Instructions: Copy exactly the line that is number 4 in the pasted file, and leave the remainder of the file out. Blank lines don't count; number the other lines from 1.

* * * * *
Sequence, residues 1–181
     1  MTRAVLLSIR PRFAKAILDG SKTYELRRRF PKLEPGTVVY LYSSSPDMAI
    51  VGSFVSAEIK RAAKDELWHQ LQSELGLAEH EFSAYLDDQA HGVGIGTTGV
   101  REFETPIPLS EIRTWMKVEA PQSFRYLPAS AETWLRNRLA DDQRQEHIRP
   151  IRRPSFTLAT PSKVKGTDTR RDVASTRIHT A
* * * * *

   101  REFETPIPLS EIRTWMKVEA PQSFRYLPAS AETWLRNRLA DDQRQEHIRP